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American citizen convicted in mass trial dies in Egyptian jail

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The United States on Monday confirmed the death of Egyptian-American Moustafa Kassem in a prison in Egypt where he had been in custody since 2013, and vowed to continue raising concerns over Cairo’s human rights record.

Egypt’s state prosecutor said Kassem died in a Cairo hospital on Monday, saying in a statement an autopsy had been ordered to determine the cause of death. The prosecutor said Kassem had been transferred on Sunday from a jail hospital to the Cairo university hospital.

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Kassem, who had been on a liquid-only hunger strike to protest his conviction, stopped taking liquids last Thursday, rights group Pretrial Rights International said in a statement. The group, which said it was representing Kassem and his family, also said that Kassem died on Monday in a hospital.

“I am deeply saddened to learn today the death of U.S.  citizen Moustafa Kassem who’d been imprisoned in Egypt,” the U.S. assistant secretary for Near Eastern affairs, David Schenker, told a State Department briefing.

“His death in custody was needless, tragic and avoidable,” Schenker said. “I will continue to raise our serious concerns over human rights and Americans detained in Egypt at every opportunity.”

Kassem was sentenced to prison in September 2018, along with dozens others, over a 2013 sit-in that ended with security forces killing hundreds of protesters. The sentencing, which included jail terms for more than 600 others, concluded a mass trial of people accused of murder and inciting violence during the pro-Muslim Brotherhood protest at Rabaa Adawiya square in Cairo.

Washington is Cairo’s closest Western ally and one of its top aid donors.

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Rights activists say President Abdel Fattah al-Sisi has overseen an unprecedented crackdown on freedoms in Egypt since he took power in 2014. Sisi and his backers say the measures are needed to keep Egypt stable and to counter threats from Islamist militants.

Rabaa square was the single most deadly incident in unrest that followed the 2011 popular uprising that toppled Egypt’s longtime leader Hosni Mubarak.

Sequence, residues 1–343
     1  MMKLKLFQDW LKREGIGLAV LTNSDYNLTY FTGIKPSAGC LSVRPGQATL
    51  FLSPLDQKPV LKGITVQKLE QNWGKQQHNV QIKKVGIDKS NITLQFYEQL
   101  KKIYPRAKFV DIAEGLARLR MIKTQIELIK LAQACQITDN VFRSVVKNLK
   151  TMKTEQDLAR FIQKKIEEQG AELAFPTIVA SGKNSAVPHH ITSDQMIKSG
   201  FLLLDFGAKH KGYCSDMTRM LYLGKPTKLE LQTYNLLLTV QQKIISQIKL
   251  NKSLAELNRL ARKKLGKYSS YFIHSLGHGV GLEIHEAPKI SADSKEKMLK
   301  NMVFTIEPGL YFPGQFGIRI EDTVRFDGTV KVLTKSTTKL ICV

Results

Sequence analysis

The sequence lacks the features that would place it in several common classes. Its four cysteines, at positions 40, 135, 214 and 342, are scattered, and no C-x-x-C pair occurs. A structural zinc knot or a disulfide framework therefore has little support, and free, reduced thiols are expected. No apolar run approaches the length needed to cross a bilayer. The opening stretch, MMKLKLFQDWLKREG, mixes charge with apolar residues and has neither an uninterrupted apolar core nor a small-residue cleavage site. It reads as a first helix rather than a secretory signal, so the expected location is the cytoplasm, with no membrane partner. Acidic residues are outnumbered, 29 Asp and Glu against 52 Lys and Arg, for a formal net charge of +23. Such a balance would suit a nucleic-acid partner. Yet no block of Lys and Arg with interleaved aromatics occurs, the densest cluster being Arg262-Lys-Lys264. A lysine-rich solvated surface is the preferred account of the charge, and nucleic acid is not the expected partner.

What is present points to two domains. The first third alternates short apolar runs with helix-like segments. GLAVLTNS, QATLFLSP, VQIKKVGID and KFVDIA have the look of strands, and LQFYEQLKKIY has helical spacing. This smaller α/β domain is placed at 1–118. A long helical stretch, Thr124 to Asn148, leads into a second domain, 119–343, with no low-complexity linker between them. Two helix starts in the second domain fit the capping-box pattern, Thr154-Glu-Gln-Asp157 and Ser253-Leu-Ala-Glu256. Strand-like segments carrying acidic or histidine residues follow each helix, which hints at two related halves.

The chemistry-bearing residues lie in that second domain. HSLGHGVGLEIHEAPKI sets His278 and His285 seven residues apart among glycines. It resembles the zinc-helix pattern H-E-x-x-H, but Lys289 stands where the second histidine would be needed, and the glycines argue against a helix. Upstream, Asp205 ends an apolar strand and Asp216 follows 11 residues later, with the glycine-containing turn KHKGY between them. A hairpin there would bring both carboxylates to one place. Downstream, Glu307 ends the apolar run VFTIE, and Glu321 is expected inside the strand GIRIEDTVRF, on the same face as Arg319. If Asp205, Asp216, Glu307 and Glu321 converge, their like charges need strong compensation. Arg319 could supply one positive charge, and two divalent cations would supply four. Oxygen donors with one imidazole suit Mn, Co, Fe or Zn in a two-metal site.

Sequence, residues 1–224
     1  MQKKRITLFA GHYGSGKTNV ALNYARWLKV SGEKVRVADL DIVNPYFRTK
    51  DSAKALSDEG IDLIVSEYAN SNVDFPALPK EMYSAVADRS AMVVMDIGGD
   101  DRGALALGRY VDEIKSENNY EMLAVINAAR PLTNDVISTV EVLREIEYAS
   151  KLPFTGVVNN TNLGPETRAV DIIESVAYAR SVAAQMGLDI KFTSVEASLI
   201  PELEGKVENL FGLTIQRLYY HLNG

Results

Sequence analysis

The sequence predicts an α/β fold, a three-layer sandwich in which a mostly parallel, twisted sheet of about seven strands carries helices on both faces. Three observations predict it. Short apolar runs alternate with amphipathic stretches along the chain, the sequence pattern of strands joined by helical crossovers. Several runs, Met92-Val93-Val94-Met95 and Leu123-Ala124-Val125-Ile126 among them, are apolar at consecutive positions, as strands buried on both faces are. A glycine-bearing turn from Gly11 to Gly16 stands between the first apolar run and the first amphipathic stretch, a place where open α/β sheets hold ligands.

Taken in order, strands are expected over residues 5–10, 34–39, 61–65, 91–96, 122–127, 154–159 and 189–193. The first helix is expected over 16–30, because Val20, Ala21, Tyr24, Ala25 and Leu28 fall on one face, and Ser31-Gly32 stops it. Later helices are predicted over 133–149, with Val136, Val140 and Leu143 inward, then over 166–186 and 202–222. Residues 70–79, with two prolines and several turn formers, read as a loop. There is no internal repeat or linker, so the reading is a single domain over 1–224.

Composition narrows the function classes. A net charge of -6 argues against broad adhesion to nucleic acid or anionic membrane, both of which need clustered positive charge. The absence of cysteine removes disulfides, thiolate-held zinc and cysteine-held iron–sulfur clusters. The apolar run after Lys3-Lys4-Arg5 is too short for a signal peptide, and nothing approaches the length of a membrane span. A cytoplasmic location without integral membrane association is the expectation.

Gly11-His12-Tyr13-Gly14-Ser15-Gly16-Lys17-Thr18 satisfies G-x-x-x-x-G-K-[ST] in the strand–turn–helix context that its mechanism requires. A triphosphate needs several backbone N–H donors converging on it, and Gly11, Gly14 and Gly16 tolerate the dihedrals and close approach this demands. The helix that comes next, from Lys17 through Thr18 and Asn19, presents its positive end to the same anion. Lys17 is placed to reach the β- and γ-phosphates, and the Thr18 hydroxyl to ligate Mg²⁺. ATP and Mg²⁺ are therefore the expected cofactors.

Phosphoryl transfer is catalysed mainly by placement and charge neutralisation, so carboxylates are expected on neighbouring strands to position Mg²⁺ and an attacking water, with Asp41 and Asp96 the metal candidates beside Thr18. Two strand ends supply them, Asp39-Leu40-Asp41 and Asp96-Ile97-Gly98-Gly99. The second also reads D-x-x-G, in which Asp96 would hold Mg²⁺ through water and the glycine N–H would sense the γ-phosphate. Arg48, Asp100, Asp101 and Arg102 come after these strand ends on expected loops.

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‘Jealous’ Trump mocked as a ‘self-loathing manbaby with crippling insecurities’ after latest Bloomberg rant

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President Donald Trump started off the day by lobbing an attack on Mike Bloomberg, and other social media users suspected he was jealous of the billionaire's wealth.

The former New York City mayor has been spending millions on TV ads in his bid for the Democratic nomination, and the president grumbled about him on Twitter.

"Mini Mike Bloomberg doesn’t get on the Democrat Debate Stage because he doesn’t want to - he is a terrible debater and speaker," Trump tweeted. "If he did, he would go down in the polls even more (if that is possible!)."

Mini Mike Bloomberg doesn’t get on the Democrat Debate Stage because he doesn’t want to - he is a terrible debater and speaker. If he did, he would go down in the polls even more (if that is possible!).

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2020 Election

White House adviser warned colleagues Nancy Pelosi would eventually bring Trump down: ‘She’s an assassin’

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In an excerpt from the new book "A Very Stable Genius," former Donald Trump adviser Steve Bannon predicted that now-House Speaker Nancy Pelosi would eventually attempt to bring the president down one way or the other.

According to Axios, the book states, "The night of January 23 [2017], the first Monday of his presidency, Trump came face?to?face with House and Senate leaders from both parties at a White House reception ... At a long table in the State Dining Room, Steve Bannon ... could not stop looking at Nancy Pelosi..."

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‘Dopes and babies!’ Trump unleashed expletive-filled rant at military leaders after growing bored in Pentagon meeting: report

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President Donald Trump erupted during a briefing intended to teach him the basic fundamentals of U.S. foreign policy -- and essentially ended any hope that he would ever learn them.

Six months into his presidency, Secretary of Defense Jim Mattis, Director of the National Economic Council Gary Cohn and Secretary of State Rex Tillerson were frustrated and alarmed by the gaps in Trump's knowledge of world affairs, and they scheduled a Pentagon briefing to catch him up, reported the Washington Post.

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